A resident undergoes a nucleic acid test for the Covid-19 coronavirus in Xi'an in China's northern Shaanxi province on December 30, 2021.

Millions of tests have been conducted in Shaanxi province where Xi’an is located

Some residents under lockdown in the Chinese city of Xi’an say they do not have enough food, even as officials insist there are adequate supplies.

More than 13 million were ordered to stay at home last week as authorities sought to battle a Covid outbreak.

But compared to other lockdowns globally, locals cannot go out even for essential reasons like buying food.

The government is delivering supplies but many on social media say they are yet to receive them and are struggling.

The lockdown on the northern city of Xi’an is in its ninth day. The city’s outbreak is the worst China has seen in months amid its zero-Covid strategy.

Initially, the restrictions had allowed one person per household to venture out once every two days to buy food and other basic supplies.

But the rules were tightened on Monday – banning residents from leaving at all except to get tested for Covid-19.

In past days, people have taken to the Weibo social media platform to call for help with getting food and other essentials. Many said they hadn’t received their government supplies yet.

“I heard other districts are gradually getting supplies, but I didn’t get anything. My compound bans us from going out. I ordered some groceries online four days ago, but no sign of getting it at all. I haven’t been able to get any vegetables for days,” read one comment posted on Friday.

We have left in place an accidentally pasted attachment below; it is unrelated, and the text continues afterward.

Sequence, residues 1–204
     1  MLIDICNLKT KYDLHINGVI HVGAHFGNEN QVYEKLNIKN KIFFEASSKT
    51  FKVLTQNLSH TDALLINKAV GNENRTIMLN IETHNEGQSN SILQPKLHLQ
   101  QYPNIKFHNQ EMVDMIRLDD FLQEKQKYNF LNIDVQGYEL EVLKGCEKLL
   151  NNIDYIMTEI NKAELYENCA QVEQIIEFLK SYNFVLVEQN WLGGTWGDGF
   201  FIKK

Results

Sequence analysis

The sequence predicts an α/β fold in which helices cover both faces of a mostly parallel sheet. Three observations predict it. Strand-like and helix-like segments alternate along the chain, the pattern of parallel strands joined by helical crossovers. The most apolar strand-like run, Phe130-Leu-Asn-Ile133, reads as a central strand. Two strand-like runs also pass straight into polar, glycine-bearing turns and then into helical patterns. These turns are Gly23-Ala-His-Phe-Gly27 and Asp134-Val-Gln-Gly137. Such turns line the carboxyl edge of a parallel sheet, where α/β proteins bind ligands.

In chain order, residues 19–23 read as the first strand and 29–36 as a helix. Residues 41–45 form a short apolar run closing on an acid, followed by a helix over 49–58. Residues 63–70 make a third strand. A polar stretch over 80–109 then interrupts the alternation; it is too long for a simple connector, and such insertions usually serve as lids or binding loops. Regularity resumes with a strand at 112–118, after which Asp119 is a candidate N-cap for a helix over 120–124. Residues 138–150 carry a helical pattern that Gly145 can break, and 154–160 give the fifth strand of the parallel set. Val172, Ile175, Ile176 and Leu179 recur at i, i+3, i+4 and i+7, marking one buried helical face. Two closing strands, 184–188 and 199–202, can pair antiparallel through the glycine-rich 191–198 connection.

Another person said: “The allocation is so uneven. The district I’m based in hasn’t got anything. We are told to group up and order together. The price is very high as well.”

One video taken this week which has been circulating online shows residents in a Xi’an compound arguing heatedly with police over the lack of food.

A man tells authorities that his family has run out of food, and a woman can be heard saying: “We’ve been locked down for 13 days. Resident’s basic life can’t be sustained. We queued for three to four hours [to buy vegetables]. But they don’t allow it to be sold anymore.”

State-owned newspaper Global Times said that in some places, food was being delivered to housing compounds’ entrances but there were not enough volunteers to deliver the supplies to residents’ doorsteps. There was also a citywide shortage of deliverymen as many drivers were under quarantine themselves.

Authorities had admitted on Wednesday that “low staff attendance and difficulties in logistics and distribution” had led to problems providing essential supplies to the city.

By Thursday however, the country’s commerce ministry told reporters that Xi’an’s residents had “sufficient” access to essential supplies, AFP news agency reported.

State television outlets also broadcast images of workers in hazmat suits sorting various essential food items like eggs, meat and vegetables into plastic bags, before delivering them to residents door-to-door.

“We got free groceries from the government. It’s actually quite a lot. It’s enough for a family to eat for three or four days,” one person who received their supplies wrote on Weibo.

China’s adoption of a strict zero-Covid strategy saw the city closing bus stations, cancelling outward bound flights, and conducting millions of tests in Shaanxi province, where Xi’an is located.

Xi’an has logged more than 1300 virus cases since 9 December. The latest outbreak has thrown into doubt China’s ability to maintain its zero-Covid approach as it gears up to host the 2022 Winter Olympics in February.

China has termed Covid “the biggest threat” to the major international sporting event.

The country, where the virus was first recorded, has now confirmed more than 131,300 cases and 5,699 deaths, according to the latest figures from the World Health Organization.

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